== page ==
Hello All, These days i have started learning Spring ...i would like to know about the convention support in Spring ...for example ...suppose i have the context servlet "myApp-servlet.xml" which is the core file of Spring where we defined all the urlMappings, Dependency Injection and other stuff.. For large applications we need to define many url Mappings since there are many controllers .. Question is ..is there any mechanism (any Convention support) through which i can get rid of this huge url mapping tag ...i need to just write the controller and method name in the url and want to process it ... any idea or alternatives ............
A very good practice is to break your application context across multiple xml files. In my opinion using a unique xml file based on the servlet-name is a very poor designing decision. Especially for larger applications, maintaining a huge monolithic configuration file is only going to be a pain in the neck.
Having said that the approach I�m following is to have multiple spring-*.xml files, like spring-resources.xml, spring-hibernate.xml, etc and to have the contextConfigLocation context parameter helping with loading the beans:
Valentin is correct about splitting up your files, but dont go mad and have lots of xml files, it is as bad as having one big one. To follow on there are some other ways of splitting your files, If you are using spring mvc then in your web.xml you need to do what Valentin said to let the controling servlet know about all your xml files.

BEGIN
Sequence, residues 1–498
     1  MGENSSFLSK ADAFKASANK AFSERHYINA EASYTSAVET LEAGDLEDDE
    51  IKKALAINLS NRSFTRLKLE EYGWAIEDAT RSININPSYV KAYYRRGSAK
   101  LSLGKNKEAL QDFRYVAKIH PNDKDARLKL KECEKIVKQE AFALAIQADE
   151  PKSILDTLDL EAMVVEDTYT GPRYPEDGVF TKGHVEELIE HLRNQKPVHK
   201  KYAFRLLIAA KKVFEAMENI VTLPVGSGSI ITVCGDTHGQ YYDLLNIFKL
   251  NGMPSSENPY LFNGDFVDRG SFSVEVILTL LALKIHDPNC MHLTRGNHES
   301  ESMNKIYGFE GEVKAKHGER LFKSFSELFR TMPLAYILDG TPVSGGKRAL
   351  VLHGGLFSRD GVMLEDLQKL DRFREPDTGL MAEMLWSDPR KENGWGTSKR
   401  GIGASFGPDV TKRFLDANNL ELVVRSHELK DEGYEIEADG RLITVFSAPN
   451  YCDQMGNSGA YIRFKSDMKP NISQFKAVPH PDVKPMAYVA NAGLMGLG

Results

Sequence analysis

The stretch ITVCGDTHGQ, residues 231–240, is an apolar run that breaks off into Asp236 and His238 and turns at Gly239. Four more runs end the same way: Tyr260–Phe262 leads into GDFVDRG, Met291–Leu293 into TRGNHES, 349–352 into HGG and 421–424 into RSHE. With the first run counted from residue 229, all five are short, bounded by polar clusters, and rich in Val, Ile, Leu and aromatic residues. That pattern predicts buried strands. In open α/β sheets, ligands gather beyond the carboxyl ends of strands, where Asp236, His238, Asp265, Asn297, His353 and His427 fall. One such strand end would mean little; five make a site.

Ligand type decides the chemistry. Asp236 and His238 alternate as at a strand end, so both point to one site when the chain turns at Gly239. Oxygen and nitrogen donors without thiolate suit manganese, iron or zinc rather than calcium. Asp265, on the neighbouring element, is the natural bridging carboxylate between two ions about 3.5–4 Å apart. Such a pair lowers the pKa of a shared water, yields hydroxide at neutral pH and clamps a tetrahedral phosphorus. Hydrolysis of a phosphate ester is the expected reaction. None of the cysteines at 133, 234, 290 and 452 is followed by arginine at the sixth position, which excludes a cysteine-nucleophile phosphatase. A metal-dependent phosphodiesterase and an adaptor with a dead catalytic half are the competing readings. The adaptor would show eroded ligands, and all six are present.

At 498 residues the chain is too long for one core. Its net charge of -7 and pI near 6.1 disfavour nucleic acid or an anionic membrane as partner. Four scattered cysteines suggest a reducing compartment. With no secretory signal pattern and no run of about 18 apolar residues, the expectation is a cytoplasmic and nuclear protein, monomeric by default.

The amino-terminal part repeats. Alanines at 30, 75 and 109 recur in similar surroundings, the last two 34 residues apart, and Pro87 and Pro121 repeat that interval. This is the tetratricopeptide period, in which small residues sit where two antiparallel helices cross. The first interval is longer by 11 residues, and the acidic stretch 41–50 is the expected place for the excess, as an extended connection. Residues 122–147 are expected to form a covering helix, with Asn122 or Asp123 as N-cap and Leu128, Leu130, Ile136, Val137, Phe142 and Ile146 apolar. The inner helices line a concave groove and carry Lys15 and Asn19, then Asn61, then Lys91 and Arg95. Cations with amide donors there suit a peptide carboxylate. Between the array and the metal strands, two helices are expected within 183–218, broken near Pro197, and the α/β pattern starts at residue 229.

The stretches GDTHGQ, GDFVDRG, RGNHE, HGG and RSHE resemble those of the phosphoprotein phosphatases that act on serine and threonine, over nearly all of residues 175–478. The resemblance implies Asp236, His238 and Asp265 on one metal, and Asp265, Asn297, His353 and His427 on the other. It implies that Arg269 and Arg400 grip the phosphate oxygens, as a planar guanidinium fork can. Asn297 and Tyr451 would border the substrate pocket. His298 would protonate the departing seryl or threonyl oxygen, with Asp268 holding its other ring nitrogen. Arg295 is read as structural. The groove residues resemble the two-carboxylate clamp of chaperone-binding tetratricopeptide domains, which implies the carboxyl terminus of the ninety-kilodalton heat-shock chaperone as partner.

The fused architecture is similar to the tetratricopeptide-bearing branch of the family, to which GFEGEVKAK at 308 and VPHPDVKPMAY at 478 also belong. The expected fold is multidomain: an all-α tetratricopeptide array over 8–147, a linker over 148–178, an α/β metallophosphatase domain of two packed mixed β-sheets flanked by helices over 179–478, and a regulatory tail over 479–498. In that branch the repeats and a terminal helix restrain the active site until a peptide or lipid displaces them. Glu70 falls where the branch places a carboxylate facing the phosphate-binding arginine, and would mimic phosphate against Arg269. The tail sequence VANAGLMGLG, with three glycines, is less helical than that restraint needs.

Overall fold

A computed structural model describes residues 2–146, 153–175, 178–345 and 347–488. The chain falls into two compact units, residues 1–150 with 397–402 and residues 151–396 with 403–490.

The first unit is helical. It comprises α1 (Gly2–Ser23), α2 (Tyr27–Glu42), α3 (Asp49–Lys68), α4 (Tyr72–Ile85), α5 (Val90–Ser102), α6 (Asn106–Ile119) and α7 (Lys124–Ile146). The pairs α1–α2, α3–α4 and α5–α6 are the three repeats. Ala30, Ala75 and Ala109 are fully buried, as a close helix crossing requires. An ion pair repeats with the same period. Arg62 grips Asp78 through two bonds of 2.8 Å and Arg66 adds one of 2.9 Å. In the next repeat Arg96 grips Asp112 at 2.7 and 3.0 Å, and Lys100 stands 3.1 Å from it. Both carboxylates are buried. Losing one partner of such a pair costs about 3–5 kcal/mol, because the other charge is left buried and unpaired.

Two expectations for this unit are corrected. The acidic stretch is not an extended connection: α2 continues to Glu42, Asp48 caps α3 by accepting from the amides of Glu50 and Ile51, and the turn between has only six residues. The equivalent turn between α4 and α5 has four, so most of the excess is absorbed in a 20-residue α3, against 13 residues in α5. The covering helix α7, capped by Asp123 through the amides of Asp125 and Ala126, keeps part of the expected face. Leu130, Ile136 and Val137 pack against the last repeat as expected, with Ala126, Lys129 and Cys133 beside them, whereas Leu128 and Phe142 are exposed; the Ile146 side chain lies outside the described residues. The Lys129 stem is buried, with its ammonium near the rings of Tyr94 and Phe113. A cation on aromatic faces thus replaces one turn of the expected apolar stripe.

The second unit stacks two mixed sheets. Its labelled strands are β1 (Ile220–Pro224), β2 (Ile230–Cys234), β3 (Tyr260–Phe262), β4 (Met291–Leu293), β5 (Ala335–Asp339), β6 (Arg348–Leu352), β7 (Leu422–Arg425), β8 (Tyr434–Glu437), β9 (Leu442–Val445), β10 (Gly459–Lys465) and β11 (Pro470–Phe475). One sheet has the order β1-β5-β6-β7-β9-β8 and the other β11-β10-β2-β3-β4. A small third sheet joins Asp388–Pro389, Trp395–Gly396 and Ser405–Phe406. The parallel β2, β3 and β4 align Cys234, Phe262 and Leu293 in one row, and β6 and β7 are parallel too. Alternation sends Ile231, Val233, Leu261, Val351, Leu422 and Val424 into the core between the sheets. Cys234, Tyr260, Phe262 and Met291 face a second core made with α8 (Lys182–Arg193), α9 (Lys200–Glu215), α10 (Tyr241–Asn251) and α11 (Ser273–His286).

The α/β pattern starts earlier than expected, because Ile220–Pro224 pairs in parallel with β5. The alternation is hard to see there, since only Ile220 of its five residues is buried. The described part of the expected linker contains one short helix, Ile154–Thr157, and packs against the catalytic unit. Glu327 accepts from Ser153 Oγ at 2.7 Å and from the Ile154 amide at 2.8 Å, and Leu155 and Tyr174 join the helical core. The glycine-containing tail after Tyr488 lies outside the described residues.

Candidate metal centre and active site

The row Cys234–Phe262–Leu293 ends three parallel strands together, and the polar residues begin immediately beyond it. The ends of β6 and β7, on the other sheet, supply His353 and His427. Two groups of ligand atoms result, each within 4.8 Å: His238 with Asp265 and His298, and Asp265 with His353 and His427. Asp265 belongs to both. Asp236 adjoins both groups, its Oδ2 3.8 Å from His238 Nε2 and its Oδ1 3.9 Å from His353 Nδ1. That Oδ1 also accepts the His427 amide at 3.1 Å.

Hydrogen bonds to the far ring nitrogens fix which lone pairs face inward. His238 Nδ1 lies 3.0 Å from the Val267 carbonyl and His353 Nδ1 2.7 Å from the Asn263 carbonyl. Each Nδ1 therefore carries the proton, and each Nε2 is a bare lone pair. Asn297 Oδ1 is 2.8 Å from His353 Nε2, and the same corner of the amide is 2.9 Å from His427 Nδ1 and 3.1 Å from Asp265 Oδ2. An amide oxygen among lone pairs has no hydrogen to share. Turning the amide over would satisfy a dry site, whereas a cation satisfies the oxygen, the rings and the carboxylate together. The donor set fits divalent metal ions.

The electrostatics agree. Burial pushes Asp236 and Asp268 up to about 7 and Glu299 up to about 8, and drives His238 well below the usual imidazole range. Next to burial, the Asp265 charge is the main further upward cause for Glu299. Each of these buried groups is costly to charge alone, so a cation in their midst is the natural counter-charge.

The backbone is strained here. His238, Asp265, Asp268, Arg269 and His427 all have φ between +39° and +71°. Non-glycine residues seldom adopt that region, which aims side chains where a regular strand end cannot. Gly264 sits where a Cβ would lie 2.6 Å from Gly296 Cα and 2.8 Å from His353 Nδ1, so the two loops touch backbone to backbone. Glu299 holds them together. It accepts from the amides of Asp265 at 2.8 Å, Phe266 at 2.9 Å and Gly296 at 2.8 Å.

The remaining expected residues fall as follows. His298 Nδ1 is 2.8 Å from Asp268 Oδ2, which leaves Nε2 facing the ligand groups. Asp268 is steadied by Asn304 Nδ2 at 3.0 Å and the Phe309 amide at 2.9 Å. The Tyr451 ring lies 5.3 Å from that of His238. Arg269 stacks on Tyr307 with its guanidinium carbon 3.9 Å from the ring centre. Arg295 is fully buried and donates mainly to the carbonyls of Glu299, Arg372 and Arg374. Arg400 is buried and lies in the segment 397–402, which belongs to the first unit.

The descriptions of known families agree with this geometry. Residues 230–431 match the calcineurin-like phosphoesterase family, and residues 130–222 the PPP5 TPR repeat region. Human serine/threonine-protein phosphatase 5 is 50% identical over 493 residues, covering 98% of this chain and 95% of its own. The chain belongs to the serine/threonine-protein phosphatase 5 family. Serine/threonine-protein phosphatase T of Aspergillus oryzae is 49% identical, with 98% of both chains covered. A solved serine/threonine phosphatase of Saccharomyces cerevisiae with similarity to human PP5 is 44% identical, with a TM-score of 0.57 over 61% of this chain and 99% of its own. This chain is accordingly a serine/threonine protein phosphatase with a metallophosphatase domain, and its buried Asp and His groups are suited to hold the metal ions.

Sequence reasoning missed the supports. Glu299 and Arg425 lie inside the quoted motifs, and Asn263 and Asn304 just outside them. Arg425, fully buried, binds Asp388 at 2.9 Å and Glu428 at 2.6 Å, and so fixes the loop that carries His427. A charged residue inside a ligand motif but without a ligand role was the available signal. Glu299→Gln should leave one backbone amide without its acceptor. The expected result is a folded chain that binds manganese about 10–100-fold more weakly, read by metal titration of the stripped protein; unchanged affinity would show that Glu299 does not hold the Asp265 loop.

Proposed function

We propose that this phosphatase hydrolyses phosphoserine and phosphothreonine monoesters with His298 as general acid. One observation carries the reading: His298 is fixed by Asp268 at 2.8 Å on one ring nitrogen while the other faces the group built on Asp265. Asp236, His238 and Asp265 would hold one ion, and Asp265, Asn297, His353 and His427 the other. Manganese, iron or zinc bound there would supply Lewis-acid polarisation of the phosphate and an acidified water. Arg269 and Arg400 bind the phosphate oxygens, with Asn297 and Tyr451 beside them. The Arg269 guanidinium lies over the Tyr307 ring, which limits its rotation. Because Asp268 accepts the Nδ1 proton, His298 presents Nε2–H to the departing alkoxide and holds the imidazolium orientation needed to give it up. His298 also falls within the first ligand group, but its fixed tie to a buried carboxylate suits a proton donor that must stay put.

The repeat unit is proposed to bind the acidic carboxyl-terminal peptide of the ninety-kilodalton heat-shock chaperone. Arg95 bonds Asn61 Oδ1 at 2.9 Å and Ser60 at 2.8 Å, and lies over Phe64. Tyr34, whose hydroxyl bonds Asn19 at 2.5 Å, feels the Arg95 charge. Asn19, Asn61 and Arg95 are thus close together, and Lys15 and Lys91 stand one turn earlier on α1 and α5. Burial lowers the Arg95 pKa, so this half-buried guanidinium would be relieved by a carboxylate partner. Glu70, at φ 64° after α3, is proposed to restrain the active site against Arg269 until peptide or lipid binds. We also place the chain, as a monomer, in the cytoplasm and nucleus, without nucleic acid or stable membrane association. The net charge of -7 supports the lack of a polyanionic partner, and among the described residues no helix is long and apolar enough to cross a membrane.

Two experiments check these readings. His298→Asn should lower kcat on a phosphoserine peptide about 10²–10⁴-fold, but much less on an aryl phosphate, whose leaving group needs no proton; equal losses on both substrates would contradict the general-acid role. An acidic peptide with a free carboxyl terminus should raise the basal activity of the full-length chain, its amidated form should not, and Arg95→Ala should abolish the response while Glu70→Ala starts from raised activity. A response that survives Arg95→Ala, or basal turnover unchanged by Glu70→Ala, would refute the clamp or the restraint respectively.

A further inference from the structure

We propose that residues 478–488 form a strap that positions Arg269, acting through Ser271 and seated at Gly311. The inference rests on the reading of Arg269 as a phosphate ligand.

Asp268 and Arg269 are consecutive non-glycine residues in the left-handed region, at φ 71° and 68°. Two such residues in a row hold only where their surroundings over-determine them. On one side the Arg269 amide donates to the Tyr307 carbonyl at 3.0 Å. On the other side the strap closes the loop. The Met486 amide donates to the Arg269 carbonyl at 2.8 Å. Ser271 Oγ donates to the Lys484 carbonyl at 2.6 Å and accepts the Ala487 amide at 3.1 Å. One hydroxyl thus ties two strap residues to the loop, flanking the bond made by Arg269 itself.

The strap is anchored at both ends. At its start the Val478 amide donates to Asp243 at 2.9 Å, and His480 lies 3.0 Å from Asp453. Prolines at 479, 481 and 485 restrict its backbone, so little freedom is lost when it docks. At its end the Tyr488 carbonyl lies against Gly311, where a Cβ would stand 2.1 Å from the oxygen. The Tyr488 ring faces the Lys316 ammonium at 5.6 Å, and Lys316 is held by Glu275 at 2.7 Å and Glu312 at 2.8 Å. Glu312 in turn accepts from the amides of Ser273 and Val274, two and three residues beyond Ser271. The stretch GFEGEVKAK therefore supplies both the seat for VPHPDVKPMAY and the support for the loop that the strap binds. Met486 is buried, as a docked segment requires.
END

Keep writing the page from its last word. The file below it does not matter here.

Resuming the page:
Originally posted by mudassir shahab: For large applications we need to define many url Mappings since there are many controllers .. Question is ..is there any mechanism (any Convention support) through which i can get rid of this huge url mapping tag
I'm assuming that you're concerned about how lengthy a SimpleUrlHandlerMapping can get in a large application with multiple controllers...right?
If that's your concern, then you should have a look at BeanNameUrlHandlerMapping or ControllerClassNameHandlerMapping.
BeanNameUrlHandlerMapping has been part of Spring since early on and uses the bean's name as the URL mapping. For example:
Notice that you should use the name attribute to name your bean instead of id, as the id attribute has special meaning in XML and won't allow certain characters--the name attribute is roughly equivalent to id, but doesn't have the same hang-ups with special characters.
ControllerClassNameHandlerMapping is new to Spring 2. It assumes a convention where the controller's class name is used as the URL mapping. For example, the following controller bean...